Dry stone walls can be built as freestanding structures or for supporting a bank. The former will require reasonably substantial foundations if they are more than a few courses high and their construction may need to be undertaken by a professional. Walls built up against banks for effect, rather than a support to unstable ground, are easier to construct. They should be built slightly away from the bank and all stones laid slightly sloped back for stability with free-draining compost added as a backfill. At intervals use a long stone at right angles going back into the bank for added stability.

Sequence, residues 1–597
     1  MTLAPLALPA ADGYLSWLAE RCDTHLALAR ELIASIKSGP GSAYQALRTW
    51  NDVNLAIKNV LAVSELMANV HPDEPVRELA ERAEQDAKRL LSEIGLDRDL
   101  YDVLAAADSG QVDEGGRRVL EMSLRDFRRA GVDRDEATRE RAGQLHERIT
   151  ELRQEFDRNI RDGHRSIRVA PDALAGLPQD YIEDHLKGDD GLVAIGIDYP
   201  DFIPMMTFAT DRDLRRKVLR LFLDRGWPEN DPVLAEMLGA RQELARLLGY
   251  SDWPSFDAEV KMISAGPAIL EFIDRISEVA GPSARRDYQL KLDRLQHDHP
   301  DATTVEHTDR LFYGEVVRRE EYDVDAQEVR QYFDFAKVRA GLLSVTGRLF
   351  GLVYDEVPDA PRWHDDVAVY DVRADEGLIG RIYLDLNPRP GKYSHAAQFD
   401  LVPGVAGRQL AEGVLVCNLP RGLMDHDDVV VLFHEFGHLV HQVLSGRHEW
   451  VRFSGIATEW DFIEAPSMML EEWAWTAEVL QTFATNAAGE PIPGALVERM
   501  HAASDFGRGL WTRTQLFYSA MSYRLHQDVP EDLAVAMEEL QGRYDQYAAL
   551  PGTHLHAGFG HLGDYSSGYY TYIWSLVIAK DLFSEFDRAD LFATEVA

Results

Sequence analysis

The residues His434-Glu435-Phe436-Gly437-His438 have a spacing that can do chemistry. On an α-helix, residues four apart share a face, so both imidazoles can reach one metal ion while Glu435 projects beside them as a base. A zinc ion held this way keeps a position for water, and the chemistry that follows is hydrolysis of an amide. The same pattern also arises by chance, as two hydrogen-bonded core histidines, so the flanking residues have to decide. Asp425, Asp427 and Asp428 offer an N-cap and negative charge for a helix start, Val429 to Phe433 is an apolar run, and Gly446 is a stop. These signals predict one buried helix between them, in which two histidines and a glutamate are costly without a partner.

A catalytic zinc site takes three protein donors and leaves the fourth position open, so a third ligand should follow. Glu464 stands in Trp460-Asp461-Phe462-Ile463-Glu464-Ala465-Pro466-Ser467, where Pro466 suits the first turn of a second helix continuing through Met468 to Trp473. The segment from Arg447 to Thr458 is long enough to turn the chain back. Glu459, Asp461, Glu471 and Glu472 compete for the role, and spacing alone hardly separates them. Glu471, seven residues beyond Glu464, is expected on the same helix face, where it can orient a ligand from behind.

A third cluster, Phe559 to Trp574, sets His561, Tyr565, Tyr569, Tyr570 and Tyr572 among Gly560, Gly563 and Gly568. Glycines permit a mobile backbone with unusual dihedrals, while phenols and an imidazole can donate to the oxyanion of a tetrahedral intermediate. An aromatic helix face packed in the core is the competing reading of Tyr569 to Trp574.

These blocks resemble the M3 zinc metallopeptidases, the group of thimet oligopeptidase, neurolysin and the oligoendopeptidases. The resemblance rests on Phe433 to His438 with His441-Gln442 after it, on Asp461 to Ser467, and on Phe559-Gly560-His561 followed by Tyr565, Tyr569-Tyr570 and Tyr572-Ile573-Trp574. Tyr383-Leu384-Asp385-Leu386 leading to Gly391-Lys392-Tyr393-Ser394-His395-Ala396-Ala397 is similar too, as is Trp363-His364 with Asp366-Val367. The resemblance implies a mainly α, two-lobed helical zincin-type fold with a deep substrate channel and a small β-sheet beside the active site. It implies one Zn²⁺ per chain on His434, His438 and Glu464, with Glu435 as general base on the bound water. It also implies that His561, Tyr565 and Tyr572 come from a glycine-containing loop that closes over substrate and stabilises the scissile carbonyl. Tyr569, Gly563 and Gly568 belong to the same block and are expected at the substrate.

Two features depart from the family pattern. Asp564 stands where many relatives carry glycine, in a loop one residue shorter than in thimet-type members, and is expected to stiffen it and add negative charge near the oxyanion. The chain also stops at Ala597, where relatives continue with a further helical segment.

Ideally, plant as the dry wall is being built, layer by layer. Roots can then be spread out and covered with 2.5cm (½in) of a suitable soil mix, such as equal parts good loam, peat substitute and sharp grit. Before adding the next layer of stones, place a few pebbles around the roots to keep the joint open. However, keep crevices within the wall small to prevent soil being washed out from behind. Alternatively, plants can be pushed into crevices after construction. When planting allow for plant growth and trailing habit.